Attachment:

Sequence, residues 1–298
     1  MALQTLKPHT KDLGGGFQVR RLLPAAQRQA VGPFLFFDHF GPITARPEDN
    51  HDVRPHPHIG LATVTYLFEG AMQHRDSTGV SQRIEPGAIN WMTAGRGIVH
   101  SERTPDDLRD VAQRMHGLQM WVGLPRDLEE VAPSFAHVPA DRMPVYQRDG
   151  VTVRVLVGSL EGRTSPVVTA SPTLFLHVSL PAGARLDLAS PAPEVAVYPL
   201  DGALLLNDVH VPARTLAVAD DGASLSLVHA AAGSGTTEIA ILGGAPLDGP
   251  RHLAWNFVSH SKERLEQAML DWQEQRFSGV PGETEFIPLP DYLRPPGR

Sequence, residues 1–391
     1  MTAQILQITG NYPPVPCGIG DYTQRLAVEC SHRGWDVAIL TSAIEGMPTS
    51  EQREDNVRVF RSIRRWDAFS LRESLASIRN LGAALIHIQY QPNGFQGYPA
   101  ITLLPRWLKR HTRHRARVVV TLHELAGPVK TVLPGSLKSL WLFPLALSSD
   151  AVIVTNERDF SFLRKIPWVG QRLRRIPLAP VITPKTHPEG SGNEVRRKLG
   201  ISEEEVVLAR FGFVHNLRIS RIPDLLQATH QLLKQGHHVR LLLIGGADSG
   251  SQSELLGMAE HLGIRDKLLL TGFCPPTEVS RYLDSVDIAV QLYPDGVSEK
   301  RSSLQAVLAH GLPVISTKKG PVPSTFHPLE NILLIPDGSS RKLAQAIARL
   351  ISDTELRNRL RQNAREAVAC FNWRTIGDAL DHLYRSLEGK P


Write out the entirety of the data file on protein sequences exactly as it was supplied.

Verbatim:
Sequence, residues 1–298
     1  MALQTLKPHT KDLGGGFQVR RLLPAAQRQA VGPFLFFDHF GPITARPEDN
    51  HDVRPHPHIG LATVTYLFEG AMQHRDSTGV SQRIEPGAIN WMTAGRGIVH
   101  SERTPDDLRD VAQRMHGLQM WVGLPRDLEE VAPSFAHVPA DRMPVYQRDG
   151  VTVRVLVGSL EGRTSPVVTA SPTLFLHVSL PAGARLDLAS PAPEVAVYPL
   201  DGALLLNDVH VPARTLAVAD DGASLSLVHA AAGSGTTEIA ILGGAPLDGP
   251  RHLAWNFVSH SKERLEQAML DWQEQRFSGV PGETEFIPLP DYLRPPGR

Sequence, residues 1–391
     1  MTAQILQITG NYPPVPCGIG DYTQRLAVEC SHRGWDVAIL TSAIEGMPTS
    51  EQREDNVRVF RSIRRWDAFS LRESLASIRN LGAALIHIQY QPNGFQGYPA
   101  ITLLPRWLKR HTRHRARVVV TLHELAGPVK TVLPGSLKSL WLFPLALSSD
   151  AVIVTNERDF SFLRKIPWVG QRLRRIPLAP VITPKTHPEG SGNEVRRKLG
   201  ISEEEVVLAR FGFVHNLRIS RIPDLLQATH QLLKQGHHVR LLLIGGADSG
   251  SQSELLGMAE HLGIRDKLLL TGFCPPTEVS RYLDSVDIAV QLYPDGVSEK
   301  RSSLQAVLAH GLPVISTKKG PVPSTFHPLE NILLIPDGSS RKLAQAIARL
   351  ISDTELRNRL RQNAREAVAC FNWRTIGDAL DHLYRSLEGK P